Tuesday, 8 March 2011
Starring: Cliff Robertson, Genevieve Bujold, John Lithgow, Sylvia Kuumba Williams, Wanda Blackman, J. Patrick McNamara
By Alan Bacchus
Looking back on the filmography of Brian De Palma, 1976’s Obsession is one of his most important. It was made prior to Carrie, his breakout film, but after Sisters, this was the first of his Hitchcock-homages, a style of filmmaking he would return to numerous times in his career.
Like many of his pictures Obsession is a deliciously dreamy thriller, enjoyable on a number of cinematic levels. In terms of story, the title represents the state of transcendant experienced by De Palma’s hero Michael Courtland (Robertson),who, years after his wife and daughter’s kidnap and apparent death, obsessively courts a young girl who looks strikingly similar to his former love. The title also resonates with the methodology of filmmaking from De Palma, his own personal obsessions with Hitchcock from whom this film and many others have heavily borrowed.
Enjoyment of a Brian De Palma requires buying in to these many levels, however sensational and shameless. And most certainly the De Palma experience is helped by one's knowledge cinema and seeing where his films link up to others throughout history (for example, watch Jules Dassin's Topkapi together to Mission Impossible!). In particular to this film, the fun of linking Obsession to Vertigo. For example, in the final shot, it would be difficult to accept and appreciate the circular camera shot spinning around Bujold and Robertson embracing. The shot is so excessively long it calls attention to itself, but knowing it apes the dramatic kiss between Jimmy Stewart and Kim Novak in the middle of Vertigo adds a specific context which is not present on the page.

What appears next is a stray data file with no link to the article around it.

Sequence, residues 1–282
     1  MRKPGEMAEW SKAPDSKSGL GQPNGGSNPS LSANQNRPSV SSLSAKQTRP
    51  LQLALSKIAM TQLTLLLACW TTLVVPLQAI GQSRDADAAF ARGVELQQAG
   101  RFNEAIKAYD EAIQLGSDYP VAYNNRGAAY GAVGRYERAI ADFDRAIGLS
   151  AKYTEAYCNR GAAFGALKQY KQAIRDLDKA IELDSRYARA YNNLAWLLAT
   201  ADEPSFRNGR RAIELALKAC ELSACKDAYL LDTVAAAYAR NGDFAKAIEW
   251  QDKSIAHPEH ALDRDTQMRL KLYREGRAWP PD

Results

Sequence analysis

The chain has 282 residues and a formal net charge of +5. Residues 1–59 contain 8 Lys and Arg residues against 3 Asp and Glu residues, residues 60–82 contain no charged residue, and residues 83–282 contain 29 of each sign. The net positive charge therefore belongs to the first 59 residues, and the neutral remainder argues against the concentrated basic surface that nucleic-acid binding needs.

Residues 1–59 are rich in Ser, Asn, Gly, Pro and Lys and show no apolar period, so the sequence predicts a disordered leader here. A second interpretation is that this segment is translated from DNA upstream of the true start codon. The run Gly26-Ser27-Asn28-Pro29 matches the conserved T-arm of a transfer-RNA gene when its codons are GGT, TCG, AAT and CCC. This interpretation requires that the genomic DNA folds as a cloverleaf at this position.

The plotting of Obsession is very traditional for two thirds of the film, the opening takes place in 1959, wherein we see the kidnapping of Michael’s family, an event dramatized not unlike the Charles Lindbergh baby kidnapping. Robertson’s performance as a grieving man who becomes obsessed with Sandra (Bujold), a doppelganger for his wife, is understated and terrific – rare qualities for a De Palma film. Robertson is quietly heroic and sympathetic, and arguably more grounded than Jimmy Stewart in Vertigo.
The relationship between Michael and Sandra is the stuff of soap opera plotting but emotionally engaging thanks to Robertson and Bujold. Where the film falls off the rails, is in the second half, when the ulterior motives of Sandra and Michael’s wily partner La Salle (Lithgow) are revealed. It all becomes rather silly and outlandishness very quickly, but there’s inspiration in De Palma's grand plans for Robertson’s redemption. He pays off a number shots established in the first of the picture, cleverly doubling back over the some of the same scenes to show an almost divine chance for redemption for Michael’s character.
Viewers also need to buy in the mood and tone of De Palma’s works. It’s not hard to be swept up by Bernard Herrman’s grandiose score, which recycles many of his themes from his Hitchcock pictures, but there's no doubt this score is amplified by De Palma’s own tastes for the excessive. Herrman’s score in this picture is front and centre, driving the film harder than Hitchcock’s films ever did.
The redemption of Michael is obviously played out on the nose by De Palma, but without the sumptuous aural and visual experience, Vilmos Zsigmond’s hazy-romantic photography and Bernard Herrman’s score, the film would die an awful death. Instead it remains to be a mesmerizing early De Palma classic.